Contact Us Host an Event Volunteer Join

Support the plant database you love!

Q. Who is Mr. Smarty Plants?

A: There are those who suspect Wildflower Center volunteers are the culpable and capable culprits. Yet, others think staff members play some, albeit small, role. You can torture us with your plant questions, but we will never reveal the Green Guru's secret identity.

Help us grow by giving to the Plant Database Fund or by becoming a member

Did you know you can access the Native Plant Information Network with your web-enabled smartphone?

Share

Ask Mr. Smarty Plants

Ask Mr. Smarty Plants is a free service provided by the staff and volunteers at the Lady Bird Johnson Wildflower Center.

Search Smarty Plants
See a list of all Smarty Plants questions

Please forgive us, but Mr. Smarty Plants has been overwhelmed by a flood of mail and must take a break for awhile to catch up. We hope to be accepting new questions again soon. Thank you!

Need help with plant identification, visit the plant identification page.

 
rate this answer
1 rating

Saturday - August 18, 2012

From: Palm Coast, FL
Region: Southeast
Topic: Shrubs
Title: Non-flowering Tecoma stans from Palm Coast FL
Answered by: Barbara Medford

QUESTION:

I have an adult tecoma stans that flowered for a few days in the spring and has not flowered since. What can I do?

ANSWER:

Tecoma stans (Yellow bells) is basically a desert plant. If you follow the plant link to our web page on this plant, you will learn that it is native to New Mexico, Arizona and Texas. This USDA Plant Profile Map shows that it also grows in Florida, in the southern tip of Florida and also Brevard County but not Flagler Co. Because Florida has such wonderful growing conditions, many plants are introduced there, and the Florida conditiions might not be ideal for them. As we said, they are desert plants and require extremely good drainage; water sitting on their roots can cause root rot. Also, most native plants do not need fertilizer and the Yellow Bells  particularly dislikes it. If, in the process of trying to get it to bloom, you have fertilized it, possibly with a high nitrogen fertilizer, that could be the problem. High nitrogen fertilizers are intended for lawn grasses, as they inspire leaf production and not blooms. If all the energy of the plant is going into leaves, it doesn't have the resources for blooming. If you planted the shrub, and put in decomposed granite or compost in order to improve the drainage, then that takes care of that problem. If you did not plant it for good drainage, or it was already on your property, then we suspect that is the problem.

Was this the plant's first full season in the ground? It ordinarily blooms from April to November, but if it is a young plant it may not have matured sufficiently to bloom any more. It takes a great deal of energy for a plant to bloom, and if something is going on that is not favorable, the plant may be coping with that and not have the energy to bloom.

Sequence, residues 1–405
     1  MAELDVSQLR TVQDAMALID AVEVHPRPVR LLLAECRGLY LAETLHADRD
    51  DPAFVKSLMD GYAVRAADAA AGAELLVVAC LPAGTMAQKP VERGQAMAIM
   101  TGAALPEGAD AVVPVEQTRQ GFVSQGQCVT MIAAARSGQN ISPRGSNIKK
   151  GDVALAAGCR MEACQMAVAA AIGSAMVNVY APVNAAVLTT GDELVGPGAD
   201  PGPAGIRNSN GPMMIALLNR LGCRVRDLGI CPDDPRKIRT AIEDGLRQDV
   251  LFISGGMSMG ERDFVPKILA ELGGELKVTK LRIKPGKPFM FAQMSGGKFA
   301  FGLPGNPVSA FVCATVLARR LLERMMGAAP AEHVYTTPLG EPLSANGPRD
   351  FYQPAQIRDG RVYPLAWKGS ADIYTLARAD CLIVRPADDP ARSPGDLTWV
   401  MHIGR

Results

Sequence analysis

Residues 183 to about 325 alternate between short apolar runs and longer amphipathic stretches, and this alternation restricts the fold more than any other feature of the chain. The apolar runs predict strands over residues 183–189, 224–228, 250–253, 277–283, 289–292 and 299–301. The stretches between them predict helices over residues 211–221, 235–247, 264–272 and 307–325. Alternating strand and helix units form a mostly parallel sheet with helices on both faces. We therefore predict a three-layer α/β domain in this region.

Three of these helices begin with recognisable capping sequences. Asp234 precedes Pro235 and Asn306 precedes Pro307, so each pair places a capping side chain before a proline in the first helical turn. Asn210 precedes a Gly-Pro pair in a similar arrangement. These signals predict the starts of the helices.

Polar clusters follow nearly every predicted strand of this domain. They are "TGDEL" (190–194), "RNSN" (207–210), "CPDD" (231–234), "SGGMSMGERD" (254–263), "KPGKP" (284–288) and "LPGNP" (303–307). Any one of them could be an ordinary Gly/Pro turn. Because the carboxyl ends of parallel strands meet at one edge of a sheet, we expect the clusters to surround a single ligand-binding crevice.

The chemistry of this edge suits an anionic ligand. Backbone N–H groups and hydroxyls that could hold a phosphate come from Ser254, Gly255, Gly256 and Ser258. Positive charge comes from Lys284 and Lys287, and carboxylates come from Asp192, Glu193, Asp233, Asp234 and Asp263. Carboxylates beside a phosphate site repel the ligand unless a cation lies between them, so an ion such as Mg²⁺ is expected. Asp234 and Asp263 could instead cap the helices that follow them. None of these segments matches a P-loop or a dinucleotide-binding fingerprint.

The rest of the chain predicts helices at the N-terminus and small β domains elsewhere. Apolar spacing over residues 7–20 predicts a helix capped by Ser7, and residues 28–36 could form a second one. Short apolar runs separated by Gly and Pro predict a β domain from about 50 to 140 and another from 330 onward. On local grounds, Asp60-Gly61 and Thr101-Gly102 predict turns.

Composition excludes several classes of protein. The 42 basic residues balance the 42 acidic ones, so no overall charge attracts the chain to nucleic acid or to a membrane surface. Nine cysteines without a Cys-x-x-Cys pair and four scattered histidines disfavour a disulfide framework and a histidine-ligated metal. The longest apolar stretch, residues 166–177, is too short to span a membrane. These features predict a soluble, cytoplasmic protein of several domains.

So, we would recommend, first of all, patience. Second, if you don't believe the plant has been properly planted for drainage, try to work a little compost into the soil around the roots, and cover the roots with more compost. As that compost decomposes, it will amend the soil and improve the drainage. Don't water too much, remember, desert plant, and no fertilizer.

One last thing, if Yellow Bells is not growing well in Flagler County, it could be a soil problem. From our webpage on this plant:

"Growing Conditions

Water Use: Low
Light Requirement: Sun , Part Shade
Soil Moisture: Dry
 Drought Tolerance: High
Cold Tolerant: yes
Heat Tolerant: yes
Soil Description: Well drained, rocky, limestone, sand, and loam soils
Conditions Comments:  Varieties sold in nurseries may be from tropical stock and not do so well in US cold. Yellow bells is drought tolerant and Southwestern varieties are adapted to monsoon rains with dry spells between. They may flower better if such conditions are emulated in planned landscapes, so allow ground to dry out between waterings. "

"Native Habitat: High elevations, hillsides, slopes, canyons"

 

 

From the Image Gallery


Yellow bells
Tecoma stans

Yellow bells
Tecoma stans

Yellow bells
Tecoma stans

More Shrubs Questions

Fruit crops to grow in Tennessee mountains
May 27, 2013 - My property has a lot of rock formations throughout it and has hundreds of cedars where it is not pasture. I am wanting to grow fruit trees and berry bushes but don't know what can grow in this e...
view the full question and answer

Identification of bush with red berries
March 11, 2013 - bush? grows along fence lines in rural areas; sheds foliage in fall; berries appear; colors vary from red to orange, depending on soil?
view the full question and answer

Pruning Wax Myrtle trees & bushes
February 28, 2016 - When is the best time of year to prune Wax Myrtle trees & bushes.
view the full question and answer

Flowering evergreen plant for ceramic pot
April 02, 2013 - I have a deep ceramic pot that I would like to put in a flowering evergreen plant or bush. It is on the deck facing west but with north and south exposure and afternoon sun.
view the full question and answer

Planting Suggestions for a Lake Home in Wayne County, MO
April 03, 2014 - We have a lake home in Wayne County, MO at Lake Wappapello. The soil is very rocky. We recently cleared an area around our home of assorted dead trees, some cedars and what seemed like tons of vines. ...
view the full question and answer

Support the Wildflower Center by Donating Online or Becoming a Member today.